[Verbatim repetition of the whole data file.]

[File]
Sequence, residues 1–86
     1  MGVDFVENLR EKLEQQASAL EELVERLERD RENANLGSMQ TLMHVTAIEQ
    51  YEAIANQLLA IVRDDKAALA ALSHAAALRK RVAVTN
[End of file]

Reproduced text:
Sequence, residues 1–86
     1  MGVDFVENLR EKLEQQASAL EELVERLERD RENANLGSMQ TLMHVTAIEQ
    51  YEAIANQLLA IVRDDKAALA ALSHAAALRK RVAVTN